“No, no,” I replied, “I haven’t seen the ring since you put it on the table last night.”
        “And then we began to make dinner,” Li-kai said. “Who’d even think about the ring
after all that?”
        The three of us stood still and took turns looking at each other. “So,” Mei-ling asked,
“where is the ring?” The air in the kitchen got colder and thicker by the moment... finally,
Mei-ling broke the stillness by posing the question in all of our minds, “Kuang and Tung?”
        The three of us rushed to the family room. The television was on and toys were all over
the floor. Li-kai turned off the television, he and Mei-ling each snatched one boy, “Did you
take the ring? Tell me, did you take it?”
        “No, no!” Both boys shook their heads left and right. “I didn’t take it, I didn’t!”
        At last, Tung cried out, “Daddy, it hurts!”

       After letting go of the boys, Li-kai and Mei-ling exchanged a blank look and then both
turned and looked at me.
       “I didn’t take it. Really, I didn't.” I found myself sounding like little Tung seconds ago.
“Come to think of it, it was gone when I set the table.”
       “Who could pay any attention to a ring at that moment?” Li-kai focused on Mei-ling. “I
was furious and went outside... and then realized that I couldn’t just leave like that. Liang is
our guest from Da-ma. You walked away and didn’t bother to prepare dinner, so I came back -
somebody had to do it."
       Somebody has to do it. There you are, Li-kai.
       “All I wanted was to get dinner ready as quickly as I could. The ring was the last thing
on my mind.”
       Mei-ling picked up a Teddy bear and a soccer ball from the couch and dropped them on
the floor. She then threw herself on the space she had made and folded her arms. “Okay. You
didn’t take it. She didn’t take it. And the boys didn’t take it.” She made a face, “I wonder how
many legs that diamond ring has.”
       Enough to run for her life?
       “Mommy,” Tung smiled, “what’s a diamond ring?”
       While Mei-ling seemed too upset to respond, Li-kai knelt and looked Tung in the eyes.
“A diamond ring is a small ring with a shining glass on top. See,” he pointed at the jade ring he
had on his finger, “it’s almost like this ring Daddy has... it’s a present from your grandma in
Taiwan for your mommy. Did you see something like that on the kitchen table last night?”
       “No!” Kuang answered quickly for his little brother. “We didn’t see it. We didn’t take
       “Come on, think hard.” Li-kai pulled Tung’s face closer. “It’s okay if you took it. Just tell
Daddy where you put it.”
       Again Kuang answered, “We didn’t take anything, we didn’t!”
       Tung, too, answered, “We didn’t...” and struggled to free himself. “Daddy!”
       Li-kai let go of the boy and leaned on a corner of the coffee table to get up. “Well,” he

gestured wearily around the room, “the ring may be buried in here somewhere. Let’s look for
       “Listen you boys.” Mei-ling got up from the couch. “We’re going to search and find out
whether you have told us the truth. If you’ve lied to us...” Before their mother had finished,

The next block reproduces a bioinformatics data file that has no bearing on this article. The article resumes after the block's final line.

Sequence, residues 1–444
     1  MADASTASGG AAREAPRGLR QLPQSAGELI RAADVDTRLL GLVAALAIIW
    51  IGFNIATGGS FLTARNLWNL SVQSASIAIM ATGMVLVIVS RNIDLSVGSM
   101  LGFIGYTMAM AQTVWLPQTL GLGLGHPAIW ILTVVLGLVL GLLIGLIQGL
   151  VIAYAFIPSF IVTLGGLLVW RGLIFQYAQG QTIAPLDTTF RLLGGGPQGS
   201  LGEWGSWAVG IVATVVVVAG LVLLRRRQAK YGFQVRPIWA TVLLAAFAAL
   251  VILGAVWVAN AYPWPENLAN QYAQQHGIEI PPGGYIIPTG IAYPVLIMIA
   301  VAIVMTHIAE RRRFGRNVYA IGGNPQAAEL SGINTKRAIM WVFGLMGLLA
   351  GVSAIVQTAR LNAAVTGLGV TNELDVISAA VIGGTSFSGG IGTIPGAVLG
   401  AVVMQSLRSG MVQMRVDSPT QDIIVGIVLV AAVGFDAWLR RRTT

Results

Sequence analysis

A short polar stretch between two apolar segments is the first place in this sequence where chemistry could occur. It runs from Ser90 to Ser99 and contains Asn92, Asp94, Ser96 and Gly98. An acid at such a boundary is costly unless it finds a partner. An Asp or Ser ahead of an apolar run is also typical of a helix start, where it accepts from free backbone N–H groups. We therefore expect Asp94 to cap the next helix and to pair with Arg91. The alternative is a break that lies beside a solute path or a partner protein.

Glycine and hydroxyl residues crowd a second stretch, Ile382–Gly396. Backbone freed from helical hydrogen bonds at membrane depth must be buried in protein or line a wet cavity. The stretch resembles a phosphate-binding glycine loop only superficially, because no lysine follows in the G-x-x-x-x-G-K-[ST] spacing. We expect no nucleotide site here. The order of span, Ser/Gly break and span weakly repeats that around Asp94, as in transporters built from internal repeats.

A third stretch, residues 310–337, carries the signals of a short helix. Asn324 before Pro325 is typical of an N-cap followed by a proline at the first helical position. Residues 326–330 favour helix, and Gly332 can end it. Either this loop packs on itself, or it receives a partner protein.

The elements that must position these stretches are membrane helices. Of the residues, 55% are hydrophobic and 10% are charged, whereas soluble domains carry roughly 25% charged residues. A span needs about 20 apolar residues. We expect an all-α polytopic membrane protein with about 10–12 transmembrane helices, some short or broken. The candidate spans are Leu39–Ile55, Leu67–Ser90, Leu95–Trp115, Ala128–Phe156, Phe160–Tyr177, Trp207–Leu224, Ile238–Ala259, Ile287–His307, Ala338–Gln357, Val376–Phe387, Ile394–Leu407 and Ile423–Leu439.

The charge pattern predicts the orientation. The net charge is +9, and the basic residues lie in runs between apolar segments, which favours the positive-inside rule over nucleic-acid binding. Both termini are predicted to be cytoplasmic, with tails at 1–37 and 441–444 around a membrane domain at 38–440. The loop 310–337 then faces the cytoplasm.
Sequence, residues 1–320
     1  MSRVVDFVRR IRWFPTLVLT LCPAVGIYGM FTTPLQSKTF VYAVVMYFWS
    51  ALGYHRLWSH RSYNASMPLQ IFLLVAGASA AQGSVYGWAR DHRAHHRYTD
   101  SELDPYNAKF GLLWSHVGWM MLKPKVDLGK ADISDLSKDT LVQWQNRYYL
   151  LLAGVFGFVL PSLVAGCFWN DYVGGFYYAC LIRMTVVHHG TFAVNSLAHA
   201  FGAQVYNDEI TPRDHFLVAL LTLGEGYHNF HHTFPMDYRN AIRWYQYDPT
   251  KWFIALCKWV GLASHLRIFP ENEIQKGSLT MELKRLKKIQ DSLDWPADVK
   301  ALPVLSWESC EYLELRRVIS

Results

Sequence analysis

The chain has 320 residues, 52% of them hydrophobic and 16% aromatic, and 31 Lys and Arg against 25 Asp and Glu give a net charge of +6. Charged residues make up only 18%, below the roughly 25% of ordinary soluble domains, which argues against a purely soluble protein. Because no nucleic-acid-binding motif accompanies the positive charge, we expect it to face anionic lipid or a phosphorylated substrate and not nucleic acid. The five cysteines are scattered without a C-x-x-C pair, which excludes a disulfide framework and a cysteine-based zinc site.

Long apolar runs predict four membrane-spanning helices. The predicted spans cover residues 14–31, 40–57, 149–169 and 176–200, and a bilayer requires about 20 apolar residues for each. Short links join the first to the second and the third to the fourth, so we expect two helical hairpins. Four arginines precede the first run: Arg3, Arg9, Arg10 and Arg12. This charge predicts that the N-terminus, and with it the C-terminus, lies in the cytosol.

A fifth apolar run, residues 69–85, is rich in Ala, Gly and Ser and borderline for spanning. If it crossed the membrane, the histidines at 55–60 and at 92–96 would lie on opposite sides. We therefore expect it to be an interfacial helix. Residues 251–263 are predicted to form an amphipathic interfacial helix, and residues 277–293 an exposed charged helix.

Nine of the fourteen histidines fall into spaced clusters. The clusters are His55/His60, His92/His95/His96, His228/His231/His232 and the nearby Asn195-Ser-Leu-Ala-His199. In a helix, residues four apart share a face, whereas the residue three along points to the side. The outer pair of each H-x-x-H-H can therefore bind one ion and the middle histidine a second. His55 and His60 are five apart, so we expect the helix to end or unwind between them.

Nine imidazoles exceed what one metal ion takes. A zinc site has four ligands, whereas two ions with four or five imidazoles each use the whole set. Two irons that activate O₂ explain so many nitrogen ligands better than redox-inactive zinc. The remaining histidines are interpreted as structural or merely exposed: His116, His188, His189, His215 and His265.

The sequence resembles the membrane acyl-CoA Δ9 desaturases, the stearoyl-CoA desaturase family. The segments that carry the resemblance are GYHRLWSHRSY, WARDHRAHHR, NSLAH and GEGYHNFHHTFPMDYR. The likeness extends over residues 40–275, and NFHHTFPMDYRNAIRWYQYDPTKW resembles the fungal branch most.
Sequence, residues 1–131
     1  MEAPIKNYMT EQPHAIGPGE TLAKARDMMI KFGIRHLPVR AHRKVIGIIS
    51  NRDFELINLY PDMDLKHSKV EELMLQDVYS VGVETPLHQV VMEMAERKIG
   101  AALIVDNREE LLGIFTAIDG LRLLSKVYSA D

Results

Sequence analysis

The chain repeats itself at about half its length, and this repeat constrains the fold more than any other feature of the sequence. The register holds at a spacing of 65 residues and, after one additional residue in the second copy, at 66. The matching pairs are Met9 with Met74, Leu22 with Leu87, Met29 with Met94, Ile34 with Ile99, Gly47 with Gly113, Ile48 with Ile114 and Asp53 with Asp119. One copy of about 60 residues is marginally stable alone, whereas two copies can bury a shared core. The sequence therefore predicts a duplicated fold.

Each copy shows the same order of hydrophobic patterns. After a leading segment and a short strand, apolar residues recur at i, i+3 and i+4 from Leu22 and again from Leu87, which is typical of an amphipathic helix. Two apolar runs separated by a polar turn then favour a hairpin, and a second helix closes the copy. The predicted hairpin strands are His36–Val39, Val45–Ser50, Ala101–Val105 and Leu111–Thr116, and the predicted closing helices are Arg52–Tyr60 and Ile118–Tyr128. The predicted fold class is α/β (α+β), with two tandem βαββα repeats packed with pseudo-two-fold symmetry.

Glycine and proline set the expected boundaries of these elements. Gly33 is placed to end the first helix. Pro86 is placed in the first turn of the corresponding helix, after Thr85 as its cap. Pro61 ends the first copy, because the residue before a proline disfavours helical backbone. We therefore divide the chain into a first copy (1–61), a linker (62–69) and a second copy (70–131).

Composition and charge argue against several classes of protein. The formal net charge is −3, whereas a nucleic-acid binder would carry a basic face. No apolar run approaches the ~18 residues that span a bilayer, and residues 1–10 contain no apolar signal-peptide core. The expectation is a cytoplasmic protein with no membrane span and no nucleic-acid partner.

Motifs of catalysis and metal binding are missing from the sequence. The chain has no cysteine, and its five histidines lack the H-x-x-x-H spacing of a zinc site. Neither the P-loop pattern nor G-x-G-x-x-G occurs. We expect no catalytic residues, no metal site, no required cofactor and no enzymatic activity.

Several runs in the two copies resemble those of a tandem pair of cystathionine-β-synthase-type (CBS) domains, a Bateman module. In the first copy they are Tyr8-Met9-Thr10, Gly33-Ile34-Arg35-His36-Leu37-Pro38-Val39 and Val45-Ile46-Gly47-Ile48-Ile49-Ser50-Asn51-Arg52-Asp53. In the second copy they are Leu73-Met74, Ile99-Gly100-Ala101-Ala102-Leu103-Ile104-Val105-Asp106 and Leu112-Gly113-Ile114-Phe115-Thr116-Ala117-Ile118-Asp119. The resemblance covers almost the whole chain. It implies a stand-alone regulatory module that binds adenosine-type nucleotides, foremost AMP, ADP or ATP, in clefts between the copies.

the boys ran away.
       If my mother had been there at that moment, she would have taken one look at the
Chang’s family room and gasped: Aiya! How can one find a needle in the sea? Toys, books,
newspapers, furniture, clothes... Li-kai crawled on the floor and poked his head everywhere...
Mei-ling bent over and stuck half of her body into a toy chest... I knelt by the television set and
stretched to look behind the couch...
       A while later I stood up straight and looked around. What am I doing here? What
would my brothers say if they could see me now?
       It’s 9:15. Should I call Ying-ying and tell her that I’ll be late? Late until when? What if
we can’t find the ring? Oh, Light of 36th Street! Please show up... this is your new home...
        “If only Da-ma had bought the ring a size larger,” Mei-ling said, “none of this would’ve
       Li-kai turned, “Don’t you blame this on Da-ma.”
       “Who’s blaming her? I’m just saying what’s on my mind.”
       “And what’s on my mind is,” Li-kai said, “if you had acted nicely and treated that ring
with proper respect, then none of this would’ve happened.”
       “Me, act nicely? Me, treat that ring with proper respect?” Mei-ling cried out, “Li-kai
Chang! Are you being fair? You think I would’ve acted like that if I had been treated right?”
       Glancing at me, Li-kai got up slowly. “I’ll look for the ring in the kitchen.”
       Soon after he left, Mei-ling approached me. “You can tell me what happened, you
know. Did you see him take the ring?”
       I shook my head and stepped back a bit. “No, I didn’t.”
       “He must’ve taken it. He’s doing it to spite me.”
       “I think he would’ve told you if he had picked it up.”

         “No, you don’t understand!” Mei-ling said. “By hiding it and not telling me, he can
watch me go crazy.”
         “There’s a good possibility that the boys have taken the ring, don’t you think?”
         “Yes, that is possible.” Mei-ling said, “but you have no idea how irrational Li-kai can get
over things like this...”